TRDV Alumna Wins Award

Nicole Hajdrowski, VP of training and development for West Corp. Unified Communication Services, accepts the 2016 Chicagoland Learning Leader of the Year Award from Caveo Learning CEO Jeff Carpenter

Nicole Hajdrowski, VP of training and development for West Corp. Unified Communication Services, accepts the 2016 Chicagoland Learning Leader of the Year Award from Caveo Learning CEO Jeff Carpenter

TRDV alumna, Nicole Hajdrowski, has been named the 2016 Chicagoland Learning Leader of the Year by Caveo Learning. Nicole graduated with a Master of Arts in Organization Development in 2009.

The Chicagoland Learning Leader of the Year award honors the ideal of a modern learning leader—thoughtful and strategic, willing to question the status quo, and most importantly, aligned with the goals and objectives of the business. The winner was selected by Caveo Learning, which is committed to elevating the learning & development industry by helping learning leaders deliver significant and measurable value to their businesses.

Hajdrowski, the vice president of training and development for West’s Unified Communication Services business unit, has spent 17 years with West, building its learning organization from the ground up. Hajdrowski is responsible for training more than 6,000 internal associates, as well as more than 50,000 external customers annually.

In her role at West, Hajdrowski leads a team of 60 instructional designers, trainers, and managers to implement learning solutions for employee development, sales training, new-hire training, career and management development, leadership training, instructional design, and customer training for the global organization.

Caveo Learning will honor Hajdrowski at the Association for Talent Development, Chicagoland Chapter, holiday party on December 8. Caveo will make a donation on Hajdrowski’s behalf to the Dr. Deborah Colky Student Award, a scholarship fund benefiting college students pursuing a career in learning & development.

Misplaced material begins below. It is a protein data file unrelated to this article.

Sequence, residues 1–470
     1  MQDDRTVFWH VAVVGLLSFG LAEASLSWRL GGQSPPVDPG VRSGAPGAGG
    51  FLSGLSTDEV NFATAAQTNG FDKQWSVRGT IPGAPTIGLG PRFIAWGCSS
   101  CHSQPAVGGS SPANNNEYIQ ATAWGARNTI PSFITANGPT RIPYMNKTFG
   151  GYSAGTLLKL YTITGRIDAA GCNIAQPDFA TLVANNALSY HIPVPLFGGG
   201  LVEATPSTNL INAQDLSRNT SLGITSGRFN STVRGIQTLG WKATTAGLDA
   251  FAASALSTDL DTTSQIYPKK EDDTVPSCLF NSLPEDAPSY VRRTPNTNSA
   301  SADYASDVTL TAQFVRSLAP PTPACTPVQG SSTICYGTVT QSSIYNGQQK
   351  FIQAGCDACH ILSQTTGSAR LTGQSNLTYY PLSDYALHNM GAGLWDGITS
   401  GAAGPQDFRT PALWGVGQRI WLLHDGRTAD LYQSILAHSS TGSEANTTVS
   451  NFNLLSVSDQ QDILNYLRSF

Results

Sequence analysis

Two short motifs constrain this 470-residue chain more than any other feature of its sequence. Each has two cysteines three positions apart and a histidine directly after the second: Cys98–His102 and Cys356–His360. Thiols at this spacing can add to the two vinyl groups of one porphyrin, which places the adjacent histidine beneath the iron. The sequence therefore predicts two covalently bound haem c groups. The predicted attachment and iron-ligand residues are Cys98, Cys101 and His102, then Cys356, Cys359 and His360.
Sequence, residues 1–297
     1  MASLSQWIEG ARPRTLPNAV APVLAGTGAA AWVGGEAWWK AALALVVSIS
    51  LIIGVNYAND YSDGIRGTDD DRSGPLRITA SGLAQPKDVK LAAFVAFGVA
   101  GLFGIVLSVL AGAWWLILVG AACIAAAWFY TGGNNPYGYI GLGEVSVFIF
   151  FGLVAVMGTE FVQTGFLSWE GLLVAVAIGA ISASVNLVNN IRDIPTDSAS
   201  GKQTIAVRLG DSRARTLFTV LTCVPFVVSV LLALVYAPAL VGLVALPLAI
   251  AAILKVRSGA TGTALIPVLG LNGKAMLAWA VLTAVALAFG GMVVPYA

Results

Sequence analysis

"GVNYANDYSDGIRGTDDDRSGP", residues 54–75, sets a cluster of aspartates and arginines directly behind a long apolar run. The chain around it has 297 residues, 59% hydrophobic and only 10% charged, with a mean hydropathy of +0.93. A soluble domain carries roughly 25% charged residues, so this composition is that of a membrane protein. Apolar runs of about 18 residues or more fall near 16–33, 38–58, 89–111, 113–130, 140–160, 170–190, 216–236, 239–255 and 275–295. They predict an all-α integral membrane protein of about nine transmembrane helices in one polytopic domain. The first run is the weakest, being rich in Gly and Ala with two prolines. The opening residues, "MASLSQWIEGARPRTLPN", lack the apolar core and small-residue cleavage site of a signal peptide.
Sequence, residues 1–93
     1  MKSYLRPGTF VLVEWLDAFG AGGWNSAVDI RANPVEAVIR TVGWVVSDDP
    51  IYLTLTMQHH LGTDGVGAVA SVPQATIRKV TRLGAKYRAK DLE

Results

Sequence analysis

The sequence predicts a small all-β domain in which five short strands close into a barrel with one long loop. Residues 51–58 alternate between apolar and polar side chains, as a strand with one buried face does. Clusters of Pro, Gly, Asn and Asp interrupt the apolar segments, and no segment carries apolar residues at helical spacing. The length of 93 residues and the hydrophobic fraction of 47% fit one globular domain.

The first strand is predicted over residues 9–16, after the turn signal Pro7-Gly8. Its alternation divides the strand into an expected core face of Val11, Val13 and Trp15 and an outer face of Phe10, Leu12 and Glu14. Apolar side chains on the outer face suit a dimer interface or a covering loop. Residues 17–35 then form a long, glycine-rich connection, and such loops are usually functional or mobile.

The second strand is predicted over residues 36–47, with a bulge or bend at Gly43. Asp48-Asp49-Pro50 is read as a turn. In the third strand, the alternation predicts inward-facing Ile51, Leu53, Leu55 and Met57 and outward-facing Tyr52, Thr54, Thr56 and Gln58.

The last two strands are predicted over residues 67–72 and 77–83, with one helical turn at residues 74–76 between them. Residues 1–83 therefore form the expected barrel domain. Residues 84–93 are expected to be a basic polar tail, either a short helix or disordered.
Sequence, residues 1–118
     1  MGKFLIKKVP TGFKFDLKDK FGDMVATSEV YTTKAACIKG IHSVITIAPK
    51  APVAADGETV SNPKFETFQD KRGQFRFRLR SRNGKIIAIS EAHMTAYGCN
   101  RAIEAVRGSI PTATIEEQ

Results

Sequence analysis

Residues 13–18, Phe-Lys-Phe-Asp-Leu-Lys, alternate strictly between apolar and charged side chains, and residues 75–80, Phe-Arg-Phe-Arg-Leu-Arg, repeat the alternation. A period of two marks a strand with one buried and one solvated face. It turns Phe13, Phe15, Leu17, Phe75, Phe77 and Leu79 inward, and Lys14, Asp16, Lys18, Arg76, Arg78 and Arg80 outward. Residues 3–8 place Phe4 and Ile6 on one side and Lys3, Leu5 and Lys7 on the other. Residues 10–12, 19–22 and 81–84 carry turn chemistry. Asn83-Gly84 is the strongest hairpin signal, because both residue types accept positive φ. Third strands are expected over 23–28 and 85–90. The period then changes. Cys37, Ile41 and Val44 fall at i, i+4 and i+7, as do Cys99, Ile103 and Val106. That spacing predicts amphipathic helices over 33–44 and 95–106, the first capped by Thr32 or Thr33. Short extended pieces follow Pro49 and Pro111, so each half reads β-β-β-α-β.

For more details click here.

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ADDIE: Relic or Still Relevant?

Prior to starting the MATD program at Roosevelt, most of my training and organizational experiences came from someone at work saying, “Hey, we need this. Can you do it?”. Therefore, I’m constantly grilling, er, speaking with instructional design professionals about their experiences.  One theme that has come up frequently in these discussions is that the ADDIE instructional design methodology is rarely replicated in the workplace the way it is taught in school. To be honest, I freaked out just a teeny tiny bit.  What if the way I learned instructional design was antiquated? What if I show up to job interview sounding like I’m from 1976?


1970’s~ Women working in technology with what is probably a room-sized computer.

Before we delve too deeply into grad student angst, let’s take a second to review some basics. The image below offers a quick primer on ADDIE for readers who are unfamiliar with this instructional design approach. ADDIE is an acronym for Analysis, Design, Develop, Implement and Evaluate. It maps out a path to instructional design that works to ensure that the design process flows as seamlessly as possible from one action to the next, building on the work of the previous step.


Sourced from ADDIE Solutions reference below.

I sought to answer the question of relevance by polling colleagues and classmates via LinkedIn and researching the topic online. The consensus, in my unscientific LinkedIn poll, was that although ADDIE was not used stringently, it was the basis of other methodologies. Reasons for using these offshoot approaches varied, but a consistent theme of time and budget constraints were cited.

After combing the Internet, I uncovered some useful articles that mirrored my polling.  ADDIE is not irrelevant; it is evolving and still very much in use.  Rapid prototyping, SAM/Agile  and other in-house developed processes are often employed more frequently.  Faster outputs with fewer revisions and a need for ongoing evaluation of the process, and product seem to be driving the changes (Gutierrez, 2015; Pappas, 2015).

Well, there you have it. ADDIE is still alive and kicking. It looks like we will be using it or a close cousin of it for years to come. Hurrah! I won’t seem like a 70’s throwback in my job interviews. I should have known Roosevelt University would not let me down.

Continue the Conversation
What has your experience with ADDIE been? Good? Bad? Ugly?
Do you wish you had read another blog post, because duh, so obvious? Why or why not?

References and Links
ADDIE Solutions. (n.d.).The Addie Model. (n.d.). Retrieved November 21, 2016, from

Bottom Line Performance. (2016). Agile vs ADDIE: Which Is Better for Learning Design? Retrieved November 21, 2016, from

Gutierrez, K. (2015, July 9). The Ins and Outs of Rapid Prototyping for eLearning. Retrieved November 21, 2016, from

Hodell, C. (2015, January 13). All About ADDIE. Retrieved November 21, 2016, from